I have, I guess, 3 passions. One is the Constitution. The other is jazz and the other is being an atheist pro-lifer which, of course, gets me in a lot of trouble – all of which combines into free expression.
Mr. Hentoff was so very special, not just because of those passions he listed, but because those passions existed in a man possessed with a masterful ability to articulate his thoughts via the written word. He wrote for the Village Voice for over 50 years and authored more than 35 books. This month Nat Hentoff left this earth at age 91 – and we are all the poorer for it.
If the American left has not totally surrendered a real and principled defense of free speech, Mr. Hentoff likely deserves some credit. Perhaps because he didn’t care what others thought or simply had a moral compass of his own, Hentoff never gave in to the mob’s desire to stifle uncomfortable expressions.
A prime example is Mr. Hentoff’s stalwart defense of the unborn child. A true liberal, he was a pro-lifer who wanted to restrict abortion — not to subjugate or control women — but simply to save human lives and honor the Constitutional rights of the child yet-to-be-born. An atheist, he attributed his pro-life position to his ability to read about biology. His support for the sanctity of human life also informed his opposition to capital punishment.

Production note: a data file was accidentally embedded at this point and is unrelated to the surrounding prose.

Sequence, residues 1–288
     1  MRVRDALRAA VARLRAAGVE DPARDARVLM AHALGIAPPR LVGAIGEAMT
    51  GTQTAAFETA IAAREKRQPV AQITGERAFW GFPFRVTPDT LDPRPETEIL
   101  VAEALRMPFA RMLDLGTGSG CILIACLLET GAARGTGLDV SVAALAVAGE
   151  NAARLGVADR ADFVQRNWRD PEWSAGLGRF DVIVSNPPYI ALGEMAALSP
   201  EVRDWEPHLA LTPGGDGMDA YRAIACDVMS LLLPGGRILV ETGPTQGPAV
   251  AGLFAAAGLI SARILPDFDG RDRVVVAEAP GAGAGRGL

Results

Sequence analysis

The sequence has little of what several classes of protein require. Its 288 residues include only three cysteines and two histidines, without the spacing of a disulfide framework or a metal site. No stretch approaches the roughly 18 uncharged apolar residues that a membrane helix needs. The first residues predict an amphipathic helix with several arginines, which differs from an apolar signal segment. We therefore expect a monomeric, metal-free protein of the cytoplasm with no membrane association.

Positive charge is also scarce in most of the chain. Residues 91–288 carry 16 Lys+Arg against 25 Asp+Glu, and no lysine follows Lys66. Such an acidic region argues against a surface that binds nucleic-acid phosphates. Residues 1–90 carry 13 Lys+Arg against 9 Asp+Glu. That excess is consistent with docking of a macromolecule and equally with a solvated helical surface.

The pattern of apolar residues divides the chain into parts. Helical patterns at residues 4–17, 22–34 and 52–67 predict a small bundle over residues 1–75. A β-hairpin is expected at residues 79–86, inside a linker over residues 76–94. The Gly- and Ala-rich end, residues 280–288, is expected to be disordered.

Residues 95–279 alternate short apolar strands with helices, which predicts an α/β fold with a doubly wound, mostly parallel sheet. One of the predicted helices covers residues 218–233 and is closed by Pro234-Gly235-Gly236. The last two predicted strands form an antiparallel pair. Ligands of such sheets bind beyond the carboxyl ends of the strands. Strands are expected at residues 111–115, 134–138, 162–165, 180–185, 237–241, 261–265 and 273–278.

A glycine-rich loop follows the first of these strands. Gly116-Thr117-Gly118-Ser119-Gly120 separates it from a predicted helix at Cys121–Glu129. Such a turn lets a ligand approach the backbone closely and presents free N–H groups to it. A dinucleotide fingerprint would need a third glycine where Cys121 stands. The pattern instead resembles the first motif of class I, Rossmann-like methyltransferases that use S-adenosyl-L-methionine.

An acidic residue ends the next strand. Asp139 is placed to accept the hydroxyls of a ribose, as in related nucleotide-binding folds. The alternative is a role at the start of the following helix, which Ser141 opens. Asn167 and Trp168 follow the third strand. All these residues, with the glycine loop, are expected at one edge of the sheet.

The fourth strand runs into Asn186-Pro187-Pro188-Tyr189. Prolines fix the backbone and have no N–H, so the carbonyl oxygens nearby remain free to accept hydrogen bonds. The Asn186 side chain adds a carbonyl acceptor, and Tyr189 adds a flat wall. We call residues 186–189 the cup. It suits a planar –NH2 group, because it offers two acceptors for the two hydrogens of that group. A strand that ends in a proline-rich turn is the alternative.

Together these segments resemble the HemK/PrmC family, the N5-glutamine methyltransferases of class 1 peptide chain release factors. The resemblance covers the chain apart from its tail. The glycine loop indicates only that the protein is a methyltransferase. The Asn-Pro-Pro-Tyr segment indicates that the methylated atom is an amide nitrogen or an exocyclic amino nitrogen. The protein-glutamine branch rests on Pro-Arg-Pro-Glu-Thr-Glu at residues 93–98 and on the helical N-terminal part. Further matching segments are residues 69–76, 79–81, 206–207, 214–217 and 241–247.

“Whenever I see that kind of story, where everybody agrees, I know there’s something wrong,” he said. He always argued for the little guy against the powerful and embraced this description of himself by an old colleague: He challenges icons and ideas that are treasured in the community he lives in. He puts on his skunk suit and heads off to the garden party, week after week, again and again.”
Cheers to a life well lived, to a principled man who refused to just go along to get along.